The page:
I think you should make a point about the allonge being filled out by hand as being an obviously late in the game maneuver. You can also make a point about the “assistant Sec.” since that is not a real position in a corporation. Something as valuable as a note would be reviewed by a real official of the Corporation who would be able to answer questions as to how the note came into the possession of the bank (through interrogatories or requests for admission) and  what was paid and to whom for the possession and rights to the note, when that occurred and where the records are that show the payment and how Wells Fargo actually came into possession of the note or the rights to collect on the note. As you are probably aware the predecessor that is alleged to have originated the note or alleged to have had possession of the note must account for whether they provided the consideration for the note and what they did with it after the closing. If they say they provided consideration than they should have records showing a payment to the closing agent and if they received consideration from Wells Fargo they should have those records as well.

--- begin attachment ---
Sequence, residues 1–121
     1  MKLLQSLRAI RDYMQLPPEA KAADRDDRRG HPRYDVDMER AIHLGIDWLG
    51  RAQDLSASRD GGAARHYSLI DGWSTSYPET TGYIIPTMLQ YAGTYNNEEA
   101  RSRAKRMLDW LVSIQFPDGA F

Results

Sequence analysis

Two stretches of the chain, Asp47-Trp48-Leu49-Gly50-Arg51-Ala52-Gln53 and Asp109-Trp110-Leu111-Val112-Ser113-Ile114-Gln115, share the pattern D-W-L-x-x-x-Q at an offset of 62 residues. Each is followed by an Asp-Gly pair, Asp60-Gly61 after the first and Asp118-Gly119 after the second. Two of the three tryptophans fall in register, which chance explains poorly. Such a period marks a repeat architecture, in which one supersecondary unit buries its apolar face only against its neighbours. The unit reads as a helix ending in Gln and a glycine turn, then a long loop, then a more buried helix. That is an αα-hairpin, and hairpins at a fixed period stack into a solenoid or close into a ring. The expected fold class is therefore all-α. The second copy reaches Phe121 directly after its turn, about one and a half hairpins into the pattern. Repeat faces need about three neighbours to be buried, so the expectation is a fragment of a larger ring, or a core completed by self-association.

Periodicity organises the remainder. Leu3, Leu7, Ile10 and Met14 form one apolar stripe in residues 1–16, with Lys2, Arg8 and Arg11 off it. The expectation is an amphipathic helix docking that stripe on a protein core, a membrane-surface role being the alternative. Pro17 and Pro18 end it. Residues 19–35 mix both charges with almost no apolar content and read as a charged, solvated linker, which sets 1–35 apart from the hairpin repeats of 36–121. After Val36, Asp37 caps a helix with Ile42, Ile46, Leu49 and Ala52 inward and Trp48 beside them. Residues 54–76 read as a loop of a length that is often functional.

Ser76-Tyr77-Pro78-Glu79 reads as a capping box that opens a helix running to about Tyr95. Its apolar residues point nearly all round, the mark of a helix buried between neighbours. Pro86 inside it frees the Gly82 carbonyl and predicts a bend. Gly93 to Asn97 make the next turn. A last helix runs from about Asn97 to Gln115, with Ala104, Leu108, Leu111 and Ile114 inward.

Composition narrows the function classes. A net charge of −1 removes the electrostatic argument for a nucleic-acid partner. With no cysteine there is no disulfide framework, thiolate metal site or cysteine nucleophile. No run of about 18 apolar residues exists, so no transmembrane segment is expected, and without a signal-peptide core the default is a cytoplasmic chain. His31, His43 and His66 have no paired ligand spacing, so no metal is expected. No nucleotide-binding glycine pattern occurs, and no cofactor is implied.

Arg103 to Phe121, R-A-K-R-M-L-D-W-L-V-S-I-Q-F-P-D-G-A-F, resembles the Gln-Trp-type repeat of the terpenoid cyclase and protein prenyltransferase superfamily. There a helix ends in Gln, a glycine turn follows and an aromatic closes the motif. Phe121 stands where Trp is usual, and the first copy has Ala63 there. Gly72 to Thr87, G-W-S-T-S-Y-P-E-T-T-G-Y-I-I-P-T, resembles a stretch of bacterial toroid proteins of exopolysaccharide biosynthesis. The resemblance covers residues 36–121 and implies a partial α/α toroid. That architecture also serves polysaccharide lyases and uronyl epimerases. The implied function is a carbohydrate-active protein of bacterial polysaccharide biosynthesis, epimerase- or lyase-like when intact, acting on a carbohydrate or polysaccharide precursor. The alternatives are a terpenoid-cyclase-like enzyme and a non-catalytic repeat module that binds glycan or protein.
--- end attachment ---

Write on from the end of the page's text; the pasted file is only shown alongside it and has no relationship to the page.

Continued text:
But the likelihood is that neither Option One nor Wells Fargo ever funded this mortgage which means that the note and mortgage lack consideration and neither one of them has any right to collect or foreclose.   In fact, since they are taking the position that the loan was not securitized and therefore that no securitization documents are relevant,  neither of them can take the position that they are representing the real party in interest as an authorized agent for the real lender.  And the reason you are seeing lawsuits especially by Wells Fargo in which it names itself as the foreclosing party is that the bank knows that Iit ignored and routinely violated essential and material provisions of the securitization documents including the prospectus and pooling and servicing agreement upon which investors relied when they gave money to an investment banker.